UK defence firm probed over 'kickbacks' paid to secure US government contract

Exclusive: Court documents allege British company paid $200,000 to US company director's off-shore account

Jonathan Owen
Saturday 07 November 2015 22:30
Soldiers in Helman
Soldiers in Helman

A British defence company which includes the Ministry of Defence and the police among its clients is the focus of an international criminal investigation into alleged kickbacks paid to secure a multimillion-dollar US government contract.

Court documents obtained by The Independent on Sunday testify that the British firm paid almost $200,000 (£133,000) to a US company director in payments which were wired to an off-shore bank account.

They declare that kickbacks were paid by two directors of the British firm – described as “co-conspirators” – and resulted in the company winning a $6m contract to supply US and British forces in Afghanistan with bomb disposal equipment, according to the US government.

The details emerged after Robert W Gannon, a US citizen, pleaded guilty in the US on Wednesday to conspiracy to solicit and accept kickbacks – illegal payments made for help in getting contracts. The offence was committed in 2009, according to a statement issued by the US Department of Justice (DoJ).

Gannon, a former director of operations of a Department of Defense contracting company in Washington, admitted soliciting and receiving $193,665 in kickbacks in return for helping the British company get the US government subcontracts, said the statement.

Gannon, 54, who now lives in Bangkok, Thailand, will be sentenced in January. He used his position “to arrange with executives of a UK-based company” that they would make payments to him “in return for a series of purchase orders his company awarded in August 2009 with a total value of nearly $6m,” states the US DoJ.

“Those orders called for the provision of explosive ordinance disposal equipment to US and Nato forces in Afghanistan.”

Gannon admitted that the British company “wired funds with a total value of almost $200,000 from bank accounts in the United Kingdom to Gannon’s account in Singapore.”

The case is being investigated by the FBI, the Defense Criminal Investigative Service and the Special Inspector General for Afghanistan Reconstruction. The DoJ statement adds: “The Criminal Division’s Office of International Affairs and the City of London Police provided significant assistance.”

As part of Gannon’s deal with US prosecutors, he “agrees to co-operate with certain law enforcement agencies in the United Kingdom”, according to a plea agreement filed at the US District Court for the Eastern District of Virginia. This co-operation will “include but not be limited to the Specialist Fraud Division of the Crown Prosecution Service and the City of London Police (UK)”, it states.

Although the British company is not named in the court documents, it is understood to be Dorset-based Mondial Defence Systems. The company, which manufactures and supplies equipment ranging from explosives to bomb disposal suits and mine detectors, “has completed substantial logistic support for the UK and US governments in overseas deployments”, according to its website. Two of its directors, Robert Gillam and Simon Davies, were arrested in the UK in December 2014, under “the UK Bribery Act” according to a report by the Special Inspector General for Afghanistan Reconstruction (Sigar) to the US Congress and US Secretaries of State and Defence earlier this year.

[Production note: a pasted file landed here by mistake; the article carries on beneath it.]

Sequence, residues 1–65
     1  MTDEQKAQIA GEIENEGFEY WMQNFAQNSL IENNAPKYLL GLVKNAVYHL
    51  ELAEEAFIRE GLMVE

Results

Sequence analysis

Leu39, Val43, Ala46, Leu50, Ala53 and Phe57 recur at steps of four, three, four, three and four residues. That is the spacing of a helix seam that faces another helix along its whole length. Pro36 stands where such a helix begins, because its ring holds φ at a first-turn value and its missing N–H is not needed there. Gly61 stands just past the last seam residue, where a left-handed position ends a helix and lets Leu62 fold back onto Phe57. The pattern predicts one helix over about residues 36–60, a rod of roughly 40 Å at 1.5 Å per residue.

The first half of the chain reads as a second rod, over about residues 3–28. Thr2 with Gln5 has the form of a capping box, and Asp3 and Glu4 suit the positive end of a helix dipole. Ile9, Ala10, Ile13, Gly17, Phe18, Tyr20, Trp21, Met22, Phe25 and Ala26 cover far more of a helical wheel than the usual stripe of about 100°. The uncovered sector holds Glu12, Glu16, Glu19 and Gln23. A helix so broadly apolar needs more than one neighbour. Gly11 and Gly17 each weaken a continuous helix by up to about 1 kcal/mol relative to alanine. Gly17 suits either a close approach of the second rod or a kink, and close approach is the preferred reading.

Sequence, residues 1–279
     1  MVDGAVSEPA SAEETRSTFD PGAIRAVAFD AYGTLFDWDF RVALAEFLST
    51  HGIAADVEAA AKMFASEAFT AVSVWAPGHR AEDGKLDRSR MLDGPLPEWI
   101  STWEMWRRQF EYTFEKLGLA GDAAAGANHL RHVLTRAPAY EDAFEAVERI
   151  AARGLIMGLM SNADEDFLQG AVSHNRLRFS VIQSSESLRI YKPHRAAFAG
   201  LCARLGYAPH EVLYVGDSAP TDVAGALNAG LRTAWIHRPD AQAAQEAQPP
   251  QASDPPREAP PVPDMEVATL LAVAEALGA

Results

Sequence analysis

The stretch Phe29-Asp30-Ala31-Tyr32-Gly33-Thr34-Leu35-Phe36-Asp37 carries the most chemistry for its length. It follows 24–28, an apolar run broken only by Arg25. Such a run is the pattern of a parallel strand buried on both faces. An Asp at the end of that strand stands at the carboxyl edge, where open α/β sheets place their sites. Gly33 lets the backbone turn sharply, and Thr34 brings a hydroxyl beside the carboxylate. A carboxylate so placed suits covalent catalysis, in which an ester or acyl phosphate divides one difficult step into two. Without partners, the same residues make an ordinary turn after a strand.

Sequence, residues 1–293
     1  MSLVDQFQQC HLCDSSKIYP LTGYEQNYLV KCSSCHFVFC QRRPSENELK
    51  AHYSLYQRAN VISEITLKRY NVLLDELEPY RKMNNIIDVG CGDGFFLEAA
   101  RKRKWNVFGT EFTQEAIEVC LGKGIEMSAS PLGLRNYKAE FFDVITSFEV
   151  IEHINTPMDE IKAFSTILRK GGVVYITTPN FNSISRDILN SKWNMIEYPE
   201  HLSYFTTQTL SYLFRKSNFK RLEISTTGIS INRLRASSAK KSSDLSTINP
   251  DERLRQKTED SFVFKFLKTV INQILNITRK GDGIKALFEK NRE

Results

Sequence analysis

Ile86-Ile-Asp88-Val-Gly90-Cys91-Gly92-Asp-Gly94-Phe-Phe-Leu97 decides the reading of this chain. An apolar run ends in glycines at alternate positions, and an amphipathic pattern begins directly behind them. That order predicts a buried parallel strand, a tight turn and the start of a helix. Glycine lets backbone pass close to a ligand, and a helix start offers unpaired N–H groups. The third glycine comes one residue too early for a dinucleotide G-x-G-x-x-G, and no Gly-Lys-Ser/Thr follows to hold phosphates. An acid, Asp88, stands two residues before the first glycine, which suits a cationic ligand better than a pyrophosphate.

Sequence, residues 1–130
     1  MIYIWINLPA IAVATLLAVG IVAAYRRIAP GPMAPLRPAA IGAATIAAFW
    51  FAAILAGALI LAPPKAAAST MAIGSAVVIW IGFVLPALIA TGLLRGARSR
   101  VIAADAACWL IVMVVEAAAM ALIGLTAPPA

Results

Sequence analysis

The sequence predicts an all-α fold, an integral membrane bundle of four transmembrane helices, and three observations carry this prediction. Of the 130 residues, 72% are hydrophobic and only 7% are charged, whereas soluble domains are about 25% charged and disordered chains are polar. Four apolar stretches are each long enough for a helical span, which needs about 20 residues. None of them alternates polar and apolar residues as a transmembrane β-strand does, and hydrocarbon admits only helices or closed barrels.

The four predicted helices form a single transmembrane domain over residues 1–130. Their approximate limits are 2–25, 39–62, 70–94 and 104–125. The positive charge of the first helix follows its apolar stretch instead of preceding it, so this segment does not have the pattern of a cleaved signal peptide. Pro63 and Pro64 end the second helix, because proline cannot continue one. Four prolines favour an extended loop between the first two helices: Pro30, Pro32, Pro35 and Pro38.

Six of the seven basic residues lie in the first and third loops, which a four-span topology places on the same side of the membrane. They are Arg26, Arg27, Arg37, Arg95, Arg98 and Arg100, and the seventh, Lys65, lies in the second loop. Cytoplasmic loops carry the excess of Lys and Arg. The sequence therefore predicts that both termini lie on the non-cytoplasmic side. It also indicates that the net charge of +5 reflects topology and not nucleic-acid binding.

HSBC in Singapore

The men were arrested by City of London Police accompanied by agents from the FBI, Sigar, and the Defense Criminal Investigation Service (DCIS). They were questioned about an alleged “kickback” scheme in 2009 which involved payments to secure contracts worth around $5.9m, stated the US government report.

A “statement of facts” agreed by the US government and Gannon, and among the new court papers filed last week, refers to a “defense contracting company based in the United Kingdom” and persons #1 and #2 who it describes as British citizens and executives of the company. The document details email exchanges between Gannon and the British company directors. He gave them “competitor pricing information” related to a bid from a rival company and “coached” the Britons to ensure their company got the contract from his firm.

In one email, sent in May 2009, he said: “This will cost you!” At the end of that month, one of the two directors asked Gannon: “by how much should we be below [another company] for you to have a clean decision?” And months later, in August that year, one of the British directors wrote to Gannon: “We had put you in for 3% of the gross for payments at the end but we are able to do that upfront at the amount stated if that is your preference. Do you want $, £ or €?” The two directors subsequently arranged for £72,000 to be wired to an HSBC bank account in Singapore belonging to Gannon. They made another payment of $75,000 in December 2009, to which Gannon responded: “santa left his parcel. much appreciated” [sic].

British police officers, accompanied by colleagues from US federal agencies, arrested two men in the Dorset area last December, in connection with allegations of bribery offences arising in the US, according to the City of London Police. “I can confirm there have been no charges and the investigation is ongoing,” said a spokesperson for the force.

And in a statement, a spokesperson for the Crown Prosecution Service (CPS) said: “I can confirm that the CPS has received a full file for consideration of a charging decision.”

The Ministry of Defence refused to comment. Mondial Defence Systems referred requests for comment to its lawyers. Hannah Laming, partner and business crime specialist at Peters and Peters solicitors, said: “We have no comment to make.”

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